Dear Developers: When the Credits Roll, I’m DONE Playing

Some gamers really don't need more than this when the game is over.

Some gamers really don’t need more than this when the game is over.

There was a time when finishing a video game meant it was over. Done. Finished. Complete. Of course, if there were optional elements, that was up to the player, but they were all included in the game the first time you sat down to play it. Nowadays, with downloadable content, microtransactions, expansions, and significant upgrades/patches that can dramatically alter the experience, it’s starting to feel as if no game is really “finished” when the credits roll.

And it’s starting to get annoying.

Don’t get me wrong: it’s great having all these extras for people who love the game and want to further/enhance the original experience. I completely understand the goal and appeal of downloadable content, for example, and I’ve always said that if an expansion pack for Super Mario Bros. had existed back in the day, all of us would’ve been ecstatic. More Mario goodness! Plus, the ability to fix issues and improve flaws is a modern amenity that I do appreciate, though we have to acknowledge the slippery slope; i.e., because games can basically be “worked on” even after shipping, it kinda gives publishers license to ship half-polished products. And we’ve seen plenty such examples in recent years.

Remember when finishing games mean they were DONE?

Remember when finishing games mean they were DONE?

At any rate, the point is that while I can easily grasp the purpose of expanding upon and enriching a great game, there’s still the importance of the original experience itself. There’s still the necessity of giving the player a feeling of satisfaction and completion when the credits start to roll. Problem is, and I don’t know about other veteran gamers, but I’m starting to feel less and less fulfilled when finishing any given campaign. I’m not only talking about shooters (obviously designed for multiplayer) or free-to-play offerings, either.

For example, I recently finished Deus Ex: Mankind Divided. Great game though not quite as great as Human Revolution in my estimation, and I’ve seen a couple different endings by having two save files near the end of the game. That’s really all I want. I did most of the side missions, I explored everywhere, I did what I wanted to do, and it’s over. I’m not interested in the DLC and I haven’t the time for a New Game+ (I’d almost always rather play something new as opposed to replaying a game, no matter how good it is), and yet, I feel as if I don’t partake of such things, I’m still going to have this…incomplete sensation. For instance, maxing out the skill tree seems virtually impossible unless you keep playing and frankly, I think that’s done on purpose.

I think developers are doing it a lot. It seems most games made today are designed with an eye to future additions of some kind, and it’s having an impact on the single, original experience. I say, if you want to make those additions, fine, but don’t make it so those of us who just want to play it once (God forbid) feel somewhat slighted. No, we’re not going to play it through again and no we’re really not going to be buying add-on content. But see, even if we do, we want to watch those credits the first time and feel totally satisfied. We want to feel as if it’s done, as if the adventure gave us the option the first time around to let us do everything we might want to do.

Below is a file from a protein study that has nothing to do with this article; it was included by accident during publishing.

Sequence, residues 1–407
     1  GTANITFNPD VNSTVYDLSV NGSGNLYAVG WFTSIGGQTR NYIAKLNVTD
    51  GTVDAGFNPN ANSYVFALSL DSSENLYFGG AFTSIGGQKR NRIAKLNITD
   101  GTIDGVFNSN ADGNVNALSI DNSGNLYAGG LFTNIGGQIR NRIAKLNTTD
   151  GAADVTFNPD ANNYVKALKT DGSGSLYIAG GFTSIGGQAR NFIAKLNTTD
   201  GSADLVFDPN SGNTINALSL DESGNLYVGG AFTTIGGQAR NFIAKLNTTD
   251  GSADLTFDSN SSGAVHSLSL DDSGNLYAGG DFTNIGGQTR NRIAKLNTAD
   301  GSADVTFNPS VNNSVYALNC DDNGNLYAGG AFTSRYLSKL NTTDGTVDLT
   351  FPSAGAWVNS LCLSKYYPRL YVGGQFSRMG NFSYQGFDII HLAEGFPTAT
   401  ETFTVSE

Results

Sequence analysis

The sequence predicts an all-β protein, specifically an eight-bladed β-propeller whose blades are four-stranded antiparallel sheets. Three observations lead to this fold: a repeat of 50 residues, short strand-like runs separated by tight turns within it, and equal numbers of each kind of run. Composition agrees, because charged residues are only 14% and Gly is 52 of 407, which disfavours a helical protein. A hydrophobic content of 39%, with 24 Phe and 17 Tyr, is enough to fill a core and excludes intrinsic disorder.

Stop making it seem like I have to wait or pay more to have a complete experience!

Stop making it seem like I have to wait or pay more to have a complete experience!

The only games left that seem capable of doing this are the more linear action/adventure titles, like Uncharted 4: A Thief’s End or the last couple of Tomb Raider games. Yes, there are – or will be – extras for both but when you’re done playing, it really does feel as if the adventure is complete. You emerge sated and happy. In the first rebooted Lara adventure, I could hit 100 percent in that game if I wanted, and I didn’t need to purchase any add-on, download any freakin’ companion app, wait for some DLC so I could max out Lara, etc.

Bottom Line: Developers, if you want to make more stuff, go ahead and make more stuff. I might even want some of it. But DO NOT make the game feel in any way incomplete or unfinished because of this eye to the future, and DO allow the player to fully enjoy and appreciate that single, one-time experience. Don’t do this, “oh, you’ll get more experience with future DLC, so then you can fully flesh out your character.” No, don’t do that. ADD it later if you want; don’t START out that way.

Okay, end rant. 🙂

3 thoughts on “Dear Developers: When the Credits Roll, I’m DONE Playing”

I agree. And this is one of the big reasons I’ve hated the direction the gaming industry has taken in the last decade. When you’re basically being forced to buy certain games piecemeal, even if the developers and publishers are trying to tell you otherwise, it’s obviously a problem.

I like DLC just fine but I DON’T like what I call “forced” DLC. It’s when a game obviously needed more content or was designed with the idea of more content in mind, and then they just give it to you later. Adding is okay. Go right ahead. But don’t create an experience that really feels fractured.

I’m starting to really hate that.

I haven’t bought a piece of DLC in months and before that, I think I only bought one or two. The issue is, there are just SO many games right now that I’ll never catch up and most core gamers won’t, either. Extra content would’ve been a lot more appealing when we didn’t have the flood of titles we have now, you know?

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